MORRIS – First-grade student Luchiano Eberhard and third-grade teacher Jan Bruyn live about four miles from each other. The two attend separate schools and before Sunday, they had never met.
But both Eberhard and Bruyn were surprised when a caravan of five fire trucks, three ambulances and four police cars arrived at their respective homes Sunday morning.
The sirens stopped traffic and lured neighbors out of their houses and into their lawns.
“I thought something really terrible had happened,” Bruyn said. “I had no idea they were all there for me.”
What Bruyn and Eberhard share is bravery – Eberhard in his fight against leukemia and Bruyn in her battle with breast cancer.
To recognize their courage, Morris fire Chief Tracey Steffes enlisted the help of the Pink Heals Joliet Area Chapter, an organization that honors people battling cancer, to surprise Bruyn and Eberhard with a special presentation.
“We protect this community in so many ways,” Steffes said. “It’s time we step up and be protectors of the human spirit.”
Bruyn was presented with a helmet and Eberhard with a toy fire truck, both signed by the entire fire department. The two also signed Joliet Pink Heals’ pink firetruck, which serves as a rolling memorial to cancer patients in the area. The truck was purchased and dedicated to 7-year-old Addison Locke of Joliet in April of this year.
“All of us here think you’re really brave and we want you to know we love and support you,” Sandra Fleck, co-founder of the Joliet Pink Heals, said to Eberhard as she presented his gift.
Friends, family, coworkers, classmates, neighbors and others came to the surprise presentations.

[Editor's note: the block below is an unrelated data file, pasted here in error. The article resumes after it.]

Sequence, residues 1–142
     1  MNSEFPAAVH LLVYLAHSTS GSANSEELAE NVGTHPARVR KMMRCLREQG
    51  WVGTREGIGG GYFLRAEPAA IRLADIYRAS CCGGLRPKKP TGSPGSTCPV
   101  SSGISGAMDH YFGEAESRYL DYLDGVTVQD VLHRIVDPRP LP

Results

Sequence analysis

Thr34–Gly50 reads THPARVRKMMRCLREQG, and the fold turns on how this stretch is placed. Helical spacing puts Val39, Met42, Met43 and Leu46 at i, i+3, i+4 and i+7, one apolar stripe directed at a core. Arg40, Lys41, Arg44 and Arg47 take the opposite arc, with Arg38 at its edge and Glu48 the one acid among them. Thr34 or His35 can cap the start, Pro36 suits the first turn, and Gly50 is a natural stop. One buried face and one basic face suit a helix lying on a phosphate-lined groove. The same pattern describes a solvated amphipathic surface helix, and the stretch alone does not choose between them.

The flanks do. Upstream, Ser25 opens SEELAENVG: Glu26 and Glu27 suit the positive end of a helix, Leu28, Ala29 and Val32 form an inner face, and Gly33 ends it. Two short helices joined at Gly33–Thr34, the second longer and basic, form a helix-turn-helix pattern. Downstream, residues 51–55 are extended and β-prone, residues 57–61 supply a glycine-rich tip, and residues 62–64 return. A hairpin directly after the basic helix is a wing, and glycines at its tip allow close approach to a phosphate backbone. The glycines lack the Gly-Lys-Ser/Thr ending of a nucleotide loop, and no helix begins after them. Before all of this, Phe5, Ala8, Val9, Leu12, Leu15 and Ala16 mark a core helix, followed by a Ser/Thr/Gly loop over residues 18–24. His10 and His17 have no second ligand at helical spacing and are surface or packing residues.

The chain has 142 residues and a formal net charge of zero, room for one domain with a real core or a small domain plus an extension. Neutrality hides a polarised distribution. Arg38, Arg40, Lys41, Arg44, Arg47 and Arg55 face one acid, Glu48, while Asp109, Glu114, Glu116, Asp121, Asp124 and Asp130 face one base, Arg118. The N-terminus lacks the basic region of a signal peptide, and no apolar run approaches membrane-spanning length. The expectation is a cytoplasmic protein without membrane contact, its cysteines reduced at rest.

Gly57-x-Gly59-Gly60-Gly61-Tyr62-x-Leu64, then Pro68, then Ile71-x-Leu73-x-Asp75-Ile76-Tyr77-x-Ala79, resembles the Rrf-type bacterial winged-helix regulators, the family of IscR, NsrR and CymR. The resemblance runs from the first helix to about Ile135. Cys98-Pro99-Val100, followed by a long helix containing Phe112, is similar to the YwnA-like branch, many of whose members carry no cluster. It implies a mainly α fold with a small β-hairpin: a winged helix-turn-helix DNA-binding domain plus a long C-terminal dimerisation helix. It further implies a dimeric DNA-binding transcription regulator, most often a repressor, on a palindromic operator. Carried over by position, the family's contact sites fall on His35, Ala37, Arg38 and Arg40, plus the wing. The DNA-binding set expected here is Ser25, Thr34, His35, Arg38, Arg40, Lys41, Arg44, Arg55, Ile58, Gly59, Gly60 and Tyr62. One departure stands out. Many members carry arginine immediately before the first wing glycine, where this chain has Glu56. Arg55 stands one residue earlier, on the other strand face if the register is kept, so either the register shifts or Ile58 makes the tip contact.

Bruyn’s son Jordan, a Morris firefighter, presented his mom with the hat and flowers.
“That was the best part,” Bruyn said. “They are a big family at the department and for them to do this with Jordan was really special.”
Nationally, Pink Heals was founded in 2007 by a group of Arizona firefighters, but Pink Heals Joliet Area Chapter was founded in January by Joliet firefighter Matt Fleck and his wife, Sandra.
“My husband and I were tired of cutting checks for organizations and not seeing where the money went,” Fleck said. “With this program, everything stays local.”
Steffes said he became interested in Pink Heals after meeting the founder at a convention in Chicago. When Steffes learned of the Joliet chapter, he “volun-told” Morris firefighter Dave Ritter to reach out so they could organize an event for Jordan Bruyn’s mom.
Ritter, who attends church with the Eberhard family, was aware of Luchi Eberhard’s illness and organized a ceremony for him as well.
“Dave asked us on Friday so I called everyone in Luchi’s class last-minute and organized a party,” said Jamie Eberhard, Luchi’s mother. “He was so surprised. It was awesome.”
Steffes said Morris could start a Pink Heals chapter of its own in the coming years. Before that happens, the department would need to raise enough funds to buy a pink firetruck.
“We want to bring attention and honor to those suffering,” Steffes said. “Overall, we want to give them love and support.”